The Grand Prix Drivers Club lost one of its staunchest members with the passing of Tony Brooks on Tuesday of this week ( May 3 2022). Tony and his wife Pia were regular attenders at the Club’s General Assemblies until recent years when his health deteriorated. However, just over two months ago he celebrated his 90th birthday and could look back on a remarkable career in motor racing right up to the highest level.
Charles Anthony Standish Brooks was born on February 25 1932 in Cheshire and as his father was a dentist he decided to study dentistry and joined the Manchester University Dental School. He was keen on cars and his mother had a Healey Silverstone which he entered for a simple five-lap scratch race at Goodwood in 1952 when he was 20 years of age. He finished fifth and the mould was set.
He clearly showed promise and when a friend of his bought a Frazer-Nash Le Mans Replica his cool and precise style of driving was ideally suited to the Nash which had a bad habit of biting back if manhandled in the bravado style. The writer first met Tony at a small race meeting at Castle Combe in Wiltshire in 1953 where he had one of many great battles with that Frazer-Nash specialist Tony Crook and it was no surprise when he was brought into John Wyer’s Aston Martin team for the 1955 season and made his debut in an Aston Martin DB3S at Le Mans that tragic year sharing the car with John Riseley Pritchard who was later to let Tony move into Formula 1 driving Pritchard’s Formula 2 Connaught.
He drove so well that Connaught sent him to Syracuse in Italy to race a factory Connaught in a non-championship race but one populated by a number of cars from Maserati. For British enthusiasts, he ran out winner of the race much to the despair of the Italians and was offered a factory drive for the BRM racing team in 1956 with the latest new model.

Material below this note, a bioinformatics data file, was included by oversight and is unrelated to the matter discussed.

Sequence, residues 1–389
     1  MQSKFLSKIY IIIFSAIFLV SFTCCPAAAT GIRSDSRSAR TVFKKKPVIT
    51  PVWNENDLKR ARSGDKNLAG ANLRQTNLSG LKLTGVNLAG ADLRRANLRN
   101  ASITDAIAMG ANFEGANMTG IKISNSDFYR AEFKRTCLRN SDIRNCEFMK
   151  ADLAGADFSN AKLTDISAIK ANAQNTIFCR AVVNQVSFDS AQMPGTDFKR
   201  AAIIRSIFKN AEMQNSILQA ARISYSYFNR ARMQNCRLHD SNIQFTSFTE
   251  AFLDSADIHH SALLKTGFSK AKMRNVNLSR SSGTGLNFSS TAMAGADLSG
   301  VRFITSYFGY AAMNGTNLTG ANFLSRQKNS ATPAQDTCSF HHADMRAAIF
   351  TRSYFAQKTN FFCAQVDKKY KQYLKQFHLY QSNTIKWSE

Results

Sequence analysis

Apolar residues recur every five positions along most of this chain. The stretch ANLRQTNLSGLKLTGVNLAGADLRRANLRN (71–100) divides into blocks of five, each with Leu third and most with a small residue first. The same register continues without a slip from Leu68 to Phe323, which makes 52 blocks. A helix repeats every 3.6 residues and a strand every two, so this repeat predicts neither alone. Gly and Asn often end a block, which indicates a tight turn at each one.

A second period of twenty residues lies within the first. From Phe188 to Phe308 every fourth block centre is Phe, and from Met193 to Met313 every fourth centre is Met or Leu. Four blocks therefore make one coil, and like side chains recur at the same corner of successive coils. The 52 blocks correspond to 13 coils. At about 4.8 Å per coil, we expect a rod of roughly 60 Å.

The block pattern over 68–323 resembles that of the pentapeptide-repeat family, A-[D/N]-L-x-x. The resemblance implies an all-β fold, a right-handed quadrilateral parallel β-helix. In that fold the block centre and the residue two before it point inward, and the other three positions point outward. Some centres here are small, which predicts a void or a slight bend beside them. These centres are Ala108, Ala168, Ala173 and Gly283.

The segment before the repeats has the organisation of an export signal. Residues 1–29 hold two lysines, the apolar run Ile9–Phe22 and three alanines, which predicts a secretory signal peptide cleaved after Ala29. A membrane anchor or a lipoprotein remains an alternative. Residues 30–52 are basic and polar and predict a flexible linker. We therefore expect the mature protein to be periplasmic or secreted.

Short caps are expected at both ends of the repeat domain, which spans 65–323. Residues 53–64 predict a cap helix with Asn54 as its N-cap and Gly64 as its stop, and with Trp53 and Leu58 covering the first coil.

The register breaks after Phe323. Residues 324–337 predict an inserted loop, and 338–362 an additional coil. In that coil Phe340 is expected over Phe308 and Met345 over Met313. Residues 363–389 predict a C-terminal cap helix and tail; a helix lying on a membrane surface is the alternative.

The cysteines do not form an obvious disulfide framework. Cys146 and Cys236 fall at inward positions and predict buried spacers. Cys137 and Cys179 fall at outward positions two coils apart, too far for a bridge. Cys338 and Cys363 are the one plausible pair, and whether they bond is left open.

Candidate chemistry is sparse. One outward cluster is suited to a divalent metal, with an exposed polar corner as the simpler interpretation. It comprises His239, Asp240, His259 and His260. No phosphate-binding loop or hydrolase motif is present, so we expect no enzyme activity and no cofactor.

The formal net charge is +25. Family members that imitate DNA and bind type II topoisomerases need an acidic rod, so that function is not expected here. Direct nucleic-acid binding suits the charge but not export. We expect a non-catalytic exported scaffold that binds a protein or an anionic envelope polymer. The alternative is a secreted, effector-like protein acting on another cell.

This, however, did not start well for in the British Grand Prix at Silverstone he had a throttle cable come apart and he pulled off the road at Club Corner where fellow racing driver Mike Anthony was standing watching. Anthony managed to jury-rig the throttle to allow Brooks to get back to the pits and have it repaired but when he came back into the race he had a mechanical failure and the car hit the banking throwing Tony out, which was just as well as it burst into flames and burnt itself out. From that moment onwards Tony, always a careful and thoughtful driver, decided that if ever he had a situation where the car did not feel right he would bring it in to be checked.
At the time of the Silverstone accident he had met young Italian girl, Pina Resegotti who came from Pavia in Northern Italy and was studying foreign languages in London and they were to marry in 1958.
Though he qualified as a dentist in 1956 he never practised and instead bought a garage and was to develop it into agencies for Lancia and Fiat before switching to Ford.
In racing, he moved to Vanwall in 1957 and he and Stirling Moss won the British Grand Prix at Aintree that year for Vanwall.
This led to him joining Scuderia Ferrari in 1959 where he had his finest season finishing second in the Drivers World Championship after winning two of the fastest races of the series, at Reims in France and the Avus circuit in Germany. It was that year that Pina gave birth to their first child and Tony started to consider retiring from racing but he was persuaded to join the Yeoman Credit Cooper-Climax team which was not a great success and in his final year of racing, 1961, he took third place in the US Grand Prix for BRM and hung up his helmet for good.
Tony Brooks, then, was a true gentleman, polite, thoughtful and certainly no publicity seeker. He dabbled in journalism as a motor racing correspondent for the Guardian newspaper but fundamentally was a quiet man who never emphasised some of the great successes he had and devoted himself to he and Pina’s five children Caroline, David, Michele, Julia and Stephanie. Throughout his life, he approached his sport with considerable dignity and grace and will be sorely missed by all his friends in the Grand Prix Drivers Club who offer their condolences to Pina and her children in this sad moment.